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The Gift - Land Of Shadows CD (album) cover


The Gift


Symphonic Prog

3.62 | 60 ratings

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Honorary Collaborator
4 stars The Gift is back after a long hiatus due to reasons that are the usual garden variety of life struggles and making music that won't really pay the bills and provide a rock 'n roll lifestyle of wasteful debauchery and stuttering stupidity (Hey, Ozzie!). Their previous 2006 effort "Awake and Dreaming" was a progressive rock revelation, an original collection of sharp and exciting songs expertly played and sung with immense talent by Mike Morton. To witness such an album of complex symphonic prog played with flair and a strong sense of masculinity is a treat to any progressive rock fan worthy of such a lofty title. Their debut remains a perennial monument in this reviewer's prog pantheon of fame. The interim years have revamped the line-up with entirely new musicians, save for the microphone king.

Enter new guitarist David Lloyd, owner of a distinctive tone and style that is both hard and soft (which was also present with first guitarist Leroy James) and the main vehicle for Morton's aural assault, ably supported by keyboardist Howard Boder and bassist Kirk Watson. Morton's relative Joseph handles the drum kit. Apparently Mike Morton and Lloyd are the only ones left and have already new members lined up for upcoming 2014 gigs. Musical chairs, wot?

After a brief spoken intro, the epic "the Willows" arrive in archetypal The Gift style, piano and voice articulating 'the sweetest song' , Mike Morton displaying why he is the most underestimated British prog vocalist, a clear and resonating voice that owes little to the usual suspects in terms of tone and style. Soon, the mood invariably becomes metallic and rambunctious as Lloyd's guitar carves hard and relentless, the bass fiendish and reptilian, the drums along for the booming ride. Synthesizer flutterings, change of pace and soaring electric leads intermingle with fresh expectations of symphonic splendor. Children musing about some harsh lullaby, twangy guitar licks (they like to sprinkle slight country music attitudes as a tasty condiment), something the Strawbs enjoyed greatly on occasion. Just a sterling epic piece of 'finesse' prog.

The monumental mellotron blasts unafraid to announce the "Road Runs on Til Morning" , another delicious Morton vocal , a 7 minute ride that has all the ingredients for a successful tune, great lyrics, expert delivery and a slight rock 'n roll feel that will frankly never grow old. Lloyd then zips off a slinky solo on the 'gueetar', crystalline and adventurous, exuding a sense of courage and passion. This is what makes the Gift so appealing, very British yet also very American, as if a perfect hybrid. Dibble dabble, let's play scrabble!

Things get really proggy with the mercurial "Walk Into Water" , parping keys and pomp, yet governed by simplicity and a certain elegance that gives elevation to words such as 'wash away the pain, so much pain' and finish off with an extended killer perfect axe solo, sensitive and soaring towards the stars. Miam miam! Repeat button activated!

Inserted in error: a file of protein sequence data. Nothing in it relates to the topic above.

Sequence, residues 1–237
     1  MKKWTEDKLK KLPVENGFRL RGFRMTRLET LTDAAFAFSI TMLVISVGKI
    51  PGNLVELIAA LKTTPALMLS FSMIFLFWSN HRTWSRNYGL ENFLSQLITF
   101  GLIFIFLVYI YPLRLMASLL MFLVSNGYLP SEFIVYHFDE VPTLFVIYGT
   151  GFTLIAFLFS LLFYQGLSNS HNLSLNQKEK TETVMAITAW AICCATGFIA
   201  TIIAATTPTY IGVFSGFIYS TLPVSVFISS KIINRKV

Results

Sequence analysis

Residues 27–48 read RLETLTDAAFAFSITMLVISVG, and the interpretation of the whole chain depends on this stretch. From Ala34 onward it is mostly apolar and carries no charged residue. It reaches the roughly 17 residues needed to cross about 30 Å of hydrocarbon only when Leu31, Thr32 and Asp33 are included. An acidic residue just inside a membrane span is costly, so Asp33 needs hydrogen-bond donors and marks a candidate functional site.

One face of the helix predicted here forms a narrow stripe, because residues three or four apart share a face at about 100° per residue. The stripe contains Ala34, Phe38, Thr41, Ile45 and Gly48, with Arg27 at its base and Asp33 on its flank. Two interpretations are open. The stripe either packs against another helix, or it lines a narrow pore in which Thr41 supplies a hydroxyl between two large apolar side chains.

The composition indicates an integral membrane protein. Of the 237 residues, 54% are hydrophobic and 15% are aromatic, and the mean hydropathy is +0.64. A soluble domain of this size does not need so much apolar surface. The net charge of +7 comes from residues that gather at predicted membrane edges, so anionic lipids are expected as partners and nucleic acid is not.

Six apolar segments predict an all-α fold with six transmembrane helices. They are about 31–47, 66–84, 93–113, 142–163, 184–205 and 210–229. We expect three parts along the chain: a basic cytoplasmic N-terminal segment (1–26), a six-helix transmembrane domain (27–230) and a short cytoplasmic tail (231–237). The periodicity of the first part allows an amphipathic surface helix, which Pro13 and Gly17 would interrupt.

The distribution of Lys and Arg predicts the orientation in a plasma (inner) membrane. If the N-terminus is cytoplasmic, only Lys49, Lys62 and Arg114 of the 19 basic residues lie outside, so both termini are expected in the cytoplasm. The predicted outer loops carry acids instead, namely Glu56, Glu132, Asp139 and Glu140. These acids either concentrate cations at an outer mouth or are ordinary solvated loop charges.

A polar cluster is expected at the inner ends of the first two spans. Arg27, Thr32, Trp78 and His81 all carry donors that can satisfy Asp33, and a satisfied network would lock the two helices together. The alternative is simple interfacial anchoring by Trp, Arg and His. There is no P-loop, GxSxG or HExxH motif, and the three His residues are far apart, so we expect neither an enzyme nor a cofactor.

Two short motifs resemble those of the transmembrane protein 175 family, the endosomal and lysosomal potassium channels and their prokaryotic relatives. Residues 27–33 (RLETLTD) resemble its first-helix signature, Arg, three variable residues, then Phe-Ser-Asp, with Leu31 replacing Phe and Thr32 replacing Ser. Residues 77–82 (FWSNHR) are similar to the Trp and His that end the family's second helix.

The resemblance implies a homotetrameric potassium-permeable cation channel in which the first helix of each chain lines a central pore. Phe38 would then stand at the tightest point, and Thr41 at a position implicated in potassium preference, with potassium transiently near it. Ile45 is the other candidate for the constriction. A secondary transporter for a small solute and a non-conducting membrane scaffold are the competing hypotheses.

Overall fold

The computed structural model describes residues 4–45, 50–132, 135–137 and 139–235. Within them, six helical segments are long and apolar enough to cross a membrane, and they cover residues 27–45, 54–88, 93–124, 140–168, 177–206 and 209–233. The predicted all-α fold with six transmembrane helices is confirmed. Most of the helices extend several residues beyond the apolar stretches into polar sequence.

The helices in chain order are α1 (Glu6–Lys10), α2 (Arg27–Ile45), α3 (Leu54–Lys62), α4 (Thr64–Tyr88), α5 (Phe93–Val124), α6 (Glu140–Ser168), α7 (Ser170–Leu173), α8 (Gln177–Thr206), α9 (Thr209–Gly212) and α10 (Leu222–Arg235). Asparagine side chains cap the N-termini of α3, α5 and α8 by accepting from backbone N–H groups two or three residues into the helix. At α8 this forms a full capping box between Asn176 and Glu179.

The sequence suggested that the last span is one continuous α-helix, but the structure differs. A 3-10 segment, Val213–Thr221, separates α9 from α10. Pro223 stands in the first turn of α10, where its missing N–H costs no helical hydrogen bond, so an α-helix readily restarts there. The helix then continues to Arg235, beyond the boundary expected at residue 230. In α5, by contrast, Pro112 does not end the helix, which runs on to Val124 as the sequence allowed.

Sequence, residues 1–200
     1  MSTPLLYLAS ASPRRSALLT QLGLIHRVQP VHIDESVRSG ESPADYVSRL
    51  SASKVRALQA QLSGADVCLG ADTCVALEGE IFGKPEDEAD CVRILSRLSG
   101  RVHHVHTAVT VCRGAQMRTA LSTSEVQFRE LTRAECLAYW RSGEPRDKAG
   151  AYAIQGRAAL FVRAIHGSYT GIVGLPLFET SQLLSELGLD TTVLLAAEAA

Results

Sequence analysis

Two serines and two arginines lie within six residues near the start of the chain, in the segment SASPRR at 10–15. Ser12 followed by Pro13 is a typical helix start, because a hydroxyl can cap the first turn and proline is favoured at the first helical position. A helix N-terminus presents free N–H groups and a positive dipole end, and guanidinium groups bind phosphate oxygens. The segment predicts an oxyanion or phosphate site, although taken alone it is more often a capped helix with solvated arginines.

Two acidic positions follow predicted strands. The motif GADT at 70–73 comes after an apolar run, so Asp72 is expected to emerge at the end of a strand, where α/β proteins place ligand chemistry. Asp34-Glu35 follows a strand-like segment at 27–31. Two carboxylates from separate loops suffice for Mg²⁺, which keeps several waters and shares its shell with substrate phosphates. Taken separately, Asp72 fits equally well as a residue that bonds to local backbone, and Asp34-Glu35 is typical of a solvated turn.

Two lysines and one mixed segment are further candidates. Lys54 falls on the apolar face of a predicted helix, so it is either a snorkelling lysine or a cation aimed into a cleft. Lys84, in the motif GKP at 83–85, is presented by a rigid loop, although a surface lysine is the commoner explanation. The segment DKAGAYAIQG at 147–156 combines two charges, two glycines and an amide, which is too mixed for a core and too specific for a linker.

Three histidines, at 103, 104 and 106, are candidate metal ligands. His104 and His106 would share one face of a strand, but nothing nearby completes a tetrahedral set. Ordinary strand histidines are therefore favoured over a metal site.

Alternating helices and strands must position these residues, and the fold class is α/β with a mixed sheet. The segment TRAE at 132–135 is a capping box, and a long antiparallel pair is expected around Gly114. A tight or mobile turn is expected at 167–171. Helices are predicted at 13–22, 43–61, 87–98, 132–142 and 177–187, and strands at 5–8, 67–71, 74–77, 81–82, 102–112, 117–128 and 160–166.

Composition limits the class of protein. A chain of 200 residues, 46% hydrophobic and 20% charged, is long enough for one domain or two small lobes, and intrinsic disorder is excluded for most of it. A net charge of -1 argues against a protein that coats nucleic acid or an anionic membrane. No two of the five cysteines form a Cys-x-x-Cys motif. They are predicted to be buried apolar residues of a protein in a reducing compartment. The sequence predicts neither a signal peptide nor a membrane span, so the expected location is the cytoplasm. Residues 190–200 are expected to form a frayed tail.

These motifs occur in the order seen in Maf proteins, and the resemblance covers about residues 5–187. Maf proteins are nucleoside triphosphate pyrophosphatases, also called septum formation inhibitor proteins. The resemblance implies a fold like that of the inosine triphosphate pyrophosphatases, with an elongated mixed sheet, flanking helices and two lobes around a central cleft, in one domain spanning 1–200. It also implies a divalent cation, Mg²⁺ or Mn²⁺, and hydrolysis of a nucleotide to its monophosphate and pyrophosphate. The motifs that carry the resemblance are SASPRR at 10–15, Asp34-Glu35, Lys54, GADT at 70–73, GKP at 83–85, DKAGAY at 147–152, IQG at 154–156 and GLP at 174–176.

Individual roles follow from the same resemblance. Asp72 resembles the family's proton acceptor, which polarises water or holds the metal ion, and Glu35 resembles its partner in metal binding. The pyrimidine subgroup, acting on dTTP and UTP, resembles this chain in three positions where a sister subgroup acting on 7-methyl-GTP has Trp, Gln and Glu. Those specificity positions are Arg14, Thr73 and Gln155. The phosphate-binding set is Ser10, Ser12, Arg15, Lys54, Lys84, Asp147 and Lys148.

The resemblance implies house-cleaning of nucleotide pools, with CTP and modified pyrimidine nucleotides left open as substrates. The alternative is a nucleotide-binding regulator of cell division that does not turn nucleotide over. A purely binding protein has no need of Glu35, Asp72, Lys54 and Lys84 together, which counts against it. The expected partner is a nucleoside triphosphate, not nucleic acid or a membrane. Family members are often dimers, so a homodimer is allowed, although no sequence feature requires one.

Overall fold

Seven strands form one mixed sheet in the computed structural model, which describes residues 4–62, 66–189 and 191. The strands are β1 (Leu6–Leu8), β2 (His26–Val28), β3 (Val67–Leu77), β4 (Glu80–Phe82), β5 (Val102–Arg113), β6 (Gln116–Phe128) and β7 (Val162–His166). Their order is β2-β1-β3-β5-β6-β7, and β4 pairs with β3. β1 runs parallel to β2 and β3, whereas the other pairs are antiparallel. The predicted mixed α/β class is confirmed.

"Too Many Hands" has a hushed vocal that 'sweetens the song', morphing into a pretty classic mid-tempo rock 'n roll ballad that has a fiery instrumental section (including another wicked guitar spot) and suave contrasts in the pained gentle vocal parts, crowned by a typical British style buoyant chorus . This is followed by a somber piano-led sliver of gorgeous melancholia, "You Are the Song", a fragile showcase Morton tune that clearly divulges his distinctive voice, graceful mellotron sweepings and dignified lyrics. The instrumental breakout is colossal in its restraint and aching beauty.

"The Comforting Cold" is the epic monster that gives this release its full prog credentials, a whopping nearly 20 minute romp that encompasses all the classic prog moves (slow build- up, mellotron strings, contrasting sections, alternate melodies etc?) , all sugared by the Gift's gift for style and tone. Things get tight and hard as the guitar assault flexes its mighty muscles, hauling the remaining crew along for the ride, impetuous bass carving hard and providing Morton to really show off his various accents and stylings, perspiring profusely about near-death paranoia, Kafka-esque dysfunction and the eternal damnation of the soul. The arrangement goes off into tangent universes that utilize the full panoply of synthesized keyboard colorations, confident of proposing ambient intervals of ponderous thought of space and time, undoubtedly the band finest creative exploration. Trepidation vocals, church-organ solemnity and resurrection guitar scouring, this is one hell of a prog classic. The raunchy guitar rampage dive-bombs through the murky clouds, dropping an arsenal of explosive rhythms and deadly lead missiles, both tortuous and deranged synth barrages and supreme heavy metal convulsions that wink at classic Thin Lizzy. When you least expect it, the song returns for another spin at the front of the stage, Morton really doing a cleverly convincing job on the microphone. Pretty impressive!

As befits their reputation, the album ends in a brief farewell, lush with fragility and sheer beauty.

A fine follow up to a masterful debut that remains iconic, so any comparisons are rather unfair and quite unnecessary, it's just another present from Mr. Morton, a new adventure to place under the gilded prog tree.

4.5 Parcels of Obscurity

tszirmay | 4/5 |


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